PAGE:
Diane L. Dunton
Unlocking the Golden Handcuffs
Do you have a "great job" that you don't like, but you are afraid to leave it for whatever reason? Learn what's keeping you there and then discover what's most important in your life.
Definitions The term "golden handcuffs" is a phrase used to imply incentives given to executives to retain their employment with a company. In times of tough competition and turnover, golden handcuffs can be a means for employers to retain the best of the best. Originally, the phrase "Beware the golden handcuffs" was applied to traditional jobs - not just those with stock options or super lucrative deals. The idea was that one is locked down to his/her job and is figuratively "handcuffed." The idiom dates back to 1976 (according to Webster's New World American Idioms Handbook) and was stated by John Steinbeck, who described San Francisco as a 'golden handcuff' without a key.
Different for Everyone The term can be expanded to mean when an employee stays in a job that they are unhappy in because of the perceived "golden handcuffs." I often hear this when I am meeting with someone who is dissatisfied in their career, yet they tell me that they cannot possibly leave their job because they would lose the benefits or bonuses or children's tuition or educational assistance or... and the list can go on and on. If we are unhappy in a job and it is affecting our health, our relationships or our self-esteem, we must let go of those golden handcuffs. But how? It might be necessary to examine our golden handcuffs from a different angle to determine if what's holding us back is really true or not.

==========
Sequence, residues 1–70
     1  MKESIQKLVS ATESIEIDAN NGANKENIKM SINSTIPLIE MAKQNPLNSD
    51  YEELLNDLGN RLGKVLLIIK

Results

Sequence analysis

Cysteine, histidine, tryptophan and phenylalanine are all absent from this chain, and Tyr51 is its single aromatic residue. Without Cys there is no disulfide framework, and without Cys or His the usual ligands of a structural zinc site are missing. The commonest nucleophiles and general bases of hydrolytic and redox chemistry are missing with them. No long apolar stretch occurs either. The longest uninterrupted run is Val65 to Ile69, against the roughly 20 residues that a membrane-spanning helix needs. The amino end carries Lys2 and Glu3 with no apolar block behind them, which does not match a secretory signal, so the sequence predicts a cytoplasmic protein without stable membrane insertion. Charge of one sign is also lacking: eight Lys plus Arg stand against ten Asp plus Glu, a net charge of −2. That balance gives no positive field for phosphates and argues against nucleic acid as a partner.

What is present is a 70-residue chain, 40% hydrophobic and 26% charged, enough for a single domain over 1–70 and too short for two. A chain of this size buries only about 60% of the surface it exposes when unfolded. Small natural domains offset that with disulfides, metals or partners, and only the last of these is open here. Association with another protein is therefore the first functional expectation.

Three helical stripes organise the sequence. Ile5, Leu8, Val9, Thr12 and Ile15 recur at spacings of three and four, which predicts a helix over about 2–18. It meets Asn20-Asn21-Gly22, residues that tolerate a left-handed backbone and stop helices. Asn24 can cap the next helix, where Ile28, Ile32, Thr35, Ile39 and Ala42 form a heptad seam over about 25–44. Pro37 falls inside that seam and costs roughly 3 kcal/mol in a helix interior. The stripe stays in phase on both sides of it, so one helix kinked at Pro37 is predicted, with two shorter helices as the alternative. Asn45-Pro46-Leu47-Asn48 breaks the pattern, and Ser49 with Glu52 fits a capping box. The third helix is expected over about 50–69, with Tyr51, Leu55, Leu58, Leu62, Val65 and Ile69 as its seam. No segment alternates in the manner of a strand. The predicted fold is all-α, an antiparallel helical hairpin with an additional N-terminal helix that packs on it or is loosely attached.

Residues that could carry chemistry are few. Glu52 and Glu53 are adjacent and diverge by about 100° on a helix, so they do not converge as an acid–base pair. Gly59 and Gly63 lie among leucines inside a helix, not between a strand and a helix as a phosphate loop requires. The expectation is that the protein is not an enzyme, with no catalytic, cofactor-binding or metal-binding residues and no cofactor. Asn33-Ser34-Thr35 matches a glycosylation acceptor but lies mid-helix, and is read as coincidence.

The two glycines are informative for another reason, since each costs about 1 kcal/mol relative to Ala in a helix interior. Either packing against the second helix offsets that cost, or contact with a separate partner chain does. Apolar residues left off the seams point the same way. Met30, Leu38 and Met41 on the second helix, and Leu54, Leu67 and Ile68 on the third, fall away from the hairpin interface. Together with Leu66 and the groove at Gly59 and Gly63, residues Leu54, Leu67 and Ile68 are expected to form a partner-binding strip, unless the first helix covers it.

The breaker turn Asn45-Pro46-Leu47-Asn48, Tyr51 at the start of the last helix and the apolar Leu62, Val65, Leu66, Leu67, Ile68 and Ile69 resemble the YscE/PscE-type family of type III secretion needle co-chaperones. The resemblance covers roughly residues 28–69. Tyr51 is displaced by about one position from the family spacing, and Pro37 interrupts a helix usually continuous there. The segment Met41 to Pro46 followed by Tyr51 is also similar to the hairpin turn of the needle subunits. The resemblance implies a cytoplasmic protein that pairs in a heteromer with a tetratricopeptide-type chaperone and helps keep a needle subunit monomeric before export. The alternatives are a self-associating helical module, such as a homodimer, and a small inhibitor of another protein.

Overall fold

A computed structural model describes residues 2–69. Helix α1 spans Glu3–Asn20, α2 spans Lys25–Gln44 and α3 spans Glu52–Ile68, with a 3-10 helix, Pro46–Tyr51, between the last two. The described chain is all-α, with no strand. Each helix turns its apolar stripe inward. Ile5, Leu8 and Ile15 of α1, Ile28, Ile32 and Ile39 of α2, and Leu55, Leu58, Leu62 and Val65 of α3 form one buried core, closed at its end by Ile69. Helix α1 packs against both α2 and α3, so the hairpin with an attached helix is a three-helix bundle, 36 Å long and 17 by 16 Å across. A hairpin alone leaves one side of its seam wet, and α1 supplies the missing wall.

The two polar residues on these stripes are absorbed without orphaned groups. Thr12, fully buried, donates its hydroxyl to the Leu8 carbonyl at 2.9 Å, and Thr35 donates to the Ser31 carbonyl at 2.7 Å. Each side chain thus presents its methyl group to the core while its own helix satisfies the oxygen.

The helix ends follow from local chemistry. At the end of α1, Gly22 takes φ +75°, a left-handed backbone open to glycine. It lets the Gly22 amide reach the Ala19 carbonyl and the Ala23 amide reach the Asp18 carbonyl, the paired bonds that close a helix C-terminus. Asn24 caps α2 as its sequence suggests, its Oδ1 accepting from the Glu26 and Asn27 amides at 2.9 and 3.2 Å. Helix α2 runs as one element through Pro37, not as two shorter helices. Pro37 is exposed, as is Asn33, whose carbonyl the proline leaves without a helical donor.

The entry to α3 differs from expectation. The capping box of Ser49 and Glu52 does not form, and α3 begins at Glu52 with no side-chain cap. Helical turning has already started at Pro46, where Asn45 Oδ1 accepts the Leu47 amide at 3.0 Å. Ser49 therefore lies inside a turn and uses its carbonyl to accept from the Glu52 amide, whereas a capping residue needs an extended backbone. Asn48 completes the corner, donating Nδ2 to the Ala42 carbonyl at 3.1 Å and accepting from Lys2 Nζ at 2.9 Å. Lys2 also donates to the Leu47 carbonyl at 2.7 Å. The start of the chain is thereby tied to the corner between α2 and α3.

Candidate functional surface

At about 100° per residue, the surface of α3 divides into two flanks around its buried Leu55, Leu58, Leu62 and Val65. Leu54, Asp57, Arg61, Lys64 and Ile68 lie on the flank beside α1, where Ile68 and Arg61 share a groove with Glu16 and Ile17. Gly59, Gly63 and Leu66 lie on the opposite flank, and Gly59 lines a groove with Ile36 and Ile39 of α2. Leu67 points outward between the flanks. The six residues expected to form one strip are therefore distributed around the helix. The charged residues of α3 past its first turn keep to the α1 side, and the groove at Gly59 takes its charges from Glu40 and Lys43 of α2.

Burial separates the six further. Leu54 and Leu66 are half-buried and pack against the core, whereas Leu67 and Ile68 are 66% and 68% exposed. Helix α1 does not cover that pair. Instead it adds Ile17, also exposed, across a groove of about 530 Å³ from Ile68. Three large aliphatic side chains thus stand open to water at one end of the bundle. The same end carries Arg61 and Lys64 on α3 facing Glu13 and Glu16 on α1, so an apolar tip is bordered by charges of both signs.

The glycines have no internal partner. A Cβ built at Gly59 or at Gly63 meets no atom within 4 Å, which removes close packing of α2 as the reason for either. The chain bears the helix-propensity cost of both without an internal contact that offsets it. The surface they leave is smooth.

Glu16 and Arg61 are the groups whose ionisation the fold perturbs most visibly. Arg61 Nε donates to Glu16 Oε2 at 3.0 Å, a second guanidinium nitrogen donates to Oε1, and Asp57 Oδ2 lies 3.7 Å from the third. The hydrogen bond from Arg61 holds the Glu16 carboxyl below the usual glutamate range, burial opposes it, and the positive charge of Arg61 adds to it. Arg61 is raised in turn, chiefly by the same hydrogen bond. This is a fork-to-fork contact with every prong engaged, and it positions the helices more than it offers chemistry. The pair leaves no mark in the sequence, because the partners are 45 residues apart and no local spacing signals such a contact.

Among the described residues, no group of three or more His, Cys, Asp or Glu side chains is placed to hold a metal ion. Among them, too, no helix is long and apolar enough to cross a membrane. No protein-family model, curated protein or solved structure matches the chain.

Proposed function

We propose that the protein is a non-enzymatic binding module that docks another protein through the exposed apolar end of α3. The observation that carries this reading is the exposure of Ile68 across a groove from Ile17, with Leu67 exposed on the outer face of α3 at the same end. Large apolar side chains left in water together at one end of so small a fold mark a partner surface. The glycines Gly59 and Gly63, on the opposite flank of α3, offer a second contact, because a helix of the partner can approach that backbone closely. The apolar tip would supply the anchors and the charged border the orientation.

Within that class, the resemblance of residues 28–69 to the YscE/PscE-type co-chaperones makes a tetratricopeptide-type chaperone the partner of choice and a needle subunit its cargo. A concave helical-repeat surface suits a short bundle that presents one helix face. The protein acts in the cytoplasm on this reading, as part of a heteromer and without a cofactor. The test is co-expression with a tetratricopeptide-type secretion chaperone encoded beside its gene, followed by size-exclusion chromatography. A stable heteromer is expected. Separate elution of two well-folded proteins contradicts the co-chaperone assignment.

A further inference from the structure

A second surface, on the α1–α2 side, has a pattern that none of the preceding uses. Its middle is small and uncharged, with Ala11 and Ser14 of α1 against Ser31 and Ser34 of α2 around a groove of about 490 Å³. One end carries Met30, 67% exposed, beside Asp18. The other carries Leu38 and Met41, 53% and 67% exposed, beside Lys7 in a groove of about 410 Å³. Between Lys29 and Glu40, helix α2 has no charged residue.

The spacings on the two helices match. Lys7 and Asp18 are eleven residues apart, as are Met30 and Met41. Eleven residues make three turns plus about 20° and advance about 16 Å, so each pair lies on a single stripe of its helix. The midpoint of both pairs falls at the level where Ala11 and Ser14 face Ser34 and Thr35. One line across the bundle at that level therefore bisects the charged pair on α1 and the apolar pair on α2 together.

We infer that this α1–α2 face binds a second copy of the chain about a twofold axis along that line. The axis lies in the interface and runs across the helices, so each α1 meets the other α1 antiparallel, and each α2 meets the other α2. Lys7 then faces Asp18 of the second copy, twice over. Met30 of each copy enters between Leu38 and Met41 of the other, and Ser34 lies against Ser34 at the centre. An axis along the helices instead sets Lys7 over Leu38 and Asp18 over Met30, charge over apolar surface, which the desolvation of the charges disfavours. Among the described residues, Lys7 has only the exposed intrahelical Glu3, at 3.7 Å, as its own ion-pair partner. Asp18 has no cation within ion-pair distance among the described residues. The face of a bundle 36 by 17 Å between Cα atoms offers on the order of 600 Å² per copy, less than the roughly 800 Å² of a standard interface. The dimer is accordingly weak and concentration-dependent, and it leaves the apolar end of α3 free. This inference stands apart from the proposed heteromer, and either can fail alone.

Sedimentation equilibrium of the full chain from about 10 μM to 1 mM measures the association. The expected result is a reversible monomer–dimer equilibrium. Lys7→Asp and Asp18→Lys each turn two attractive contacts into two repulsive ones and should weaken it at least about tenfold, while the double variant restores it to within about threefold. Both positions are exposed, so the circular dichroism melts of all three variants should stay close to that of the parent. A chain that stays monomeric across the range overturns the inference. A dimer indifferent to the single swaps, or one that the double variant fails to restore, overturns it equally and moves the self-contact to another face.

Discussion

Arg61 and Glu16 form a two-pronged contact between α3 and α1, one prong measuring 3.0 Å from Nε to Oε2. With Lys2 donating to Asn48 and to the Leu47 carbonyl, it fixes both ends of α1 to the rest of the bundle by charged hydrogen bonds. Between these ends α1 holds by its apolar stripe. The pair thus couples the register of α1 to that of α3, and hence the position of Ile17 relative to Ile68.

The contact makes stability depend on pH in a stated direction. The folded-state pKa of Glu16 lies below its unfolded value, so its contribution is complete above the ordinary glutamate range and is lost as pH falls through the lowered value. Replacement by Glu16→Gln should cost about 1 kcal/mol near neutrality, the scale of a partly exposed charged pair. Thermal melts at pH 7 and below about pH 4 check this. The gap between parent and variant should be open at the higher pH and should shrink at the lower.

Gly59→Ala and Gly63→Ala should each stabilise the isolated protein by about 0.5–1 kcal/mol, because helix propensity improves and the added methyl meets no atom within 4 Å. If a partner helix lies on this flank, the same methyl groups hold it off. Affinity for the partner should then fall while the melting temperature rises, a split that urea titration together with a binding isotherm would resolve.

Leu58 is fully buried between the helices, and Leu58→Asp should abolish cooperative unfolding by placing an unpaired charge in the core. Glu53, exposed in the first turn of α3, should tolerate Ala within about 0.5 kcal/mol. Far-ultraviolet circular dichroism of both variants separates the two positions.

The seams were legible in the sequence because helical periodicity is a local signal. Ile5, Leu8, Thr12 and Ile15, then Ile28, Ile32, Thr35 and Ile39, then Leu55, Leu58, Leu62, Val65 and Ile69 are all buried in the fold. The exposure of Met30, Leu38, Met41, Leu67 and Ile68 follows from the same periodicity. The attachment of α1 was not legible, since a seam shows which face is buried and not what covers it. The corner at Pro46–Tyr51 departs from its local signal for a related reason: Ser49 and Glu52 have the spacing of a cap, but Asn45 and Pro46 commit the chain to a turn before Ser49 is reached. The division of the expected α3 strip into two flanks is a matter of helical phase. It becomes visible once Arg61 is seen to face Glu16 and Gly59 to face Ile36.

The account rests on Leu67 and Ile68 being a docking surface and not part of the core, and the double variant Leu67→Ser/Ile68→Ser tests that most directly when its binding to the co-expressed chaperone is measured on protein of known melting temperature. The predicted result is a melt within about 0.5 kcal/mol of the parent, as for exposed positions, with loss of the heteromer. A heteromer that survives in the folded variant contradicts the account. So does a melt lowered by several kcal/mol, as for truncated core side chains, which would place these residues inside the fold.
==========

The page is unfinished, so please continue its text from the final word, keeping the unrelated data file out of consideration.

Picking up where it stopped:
What We Have vs. What We Need Let's take the benefits area for example. A client might state to me: "I will never get the benefits that I have here." My questions for this person would then be: Is that true? How do you know it to be true? What do you need for benefits? What alternatives can you think of in terms of your benefits? Beginning by answering the very first question is a good start. This is a question first posed in The Work of Byron Katie. Her approach is to consider the first question and then she encourages us to ask three more. (There is a worksheet available on her website).
Unhappy? Question Your Perceptions Often, we stay in situations because of a perception that there is not a way out or that by leaving, we may not be able to find what we need. While "the grass may not be greener on the other side of the street," staying in a job that is creating a lot of unhappiness can lead to health issues.
Steps to Get Started Begin today by looking at what is important to you in a job. What do you really need to have satisfaction in a job and what is the environment you want to be in? Identify what "golden handcuffs" may be keeping you from making a change. Create a vision for yourself and begin creating steps you can take to achieve that vision.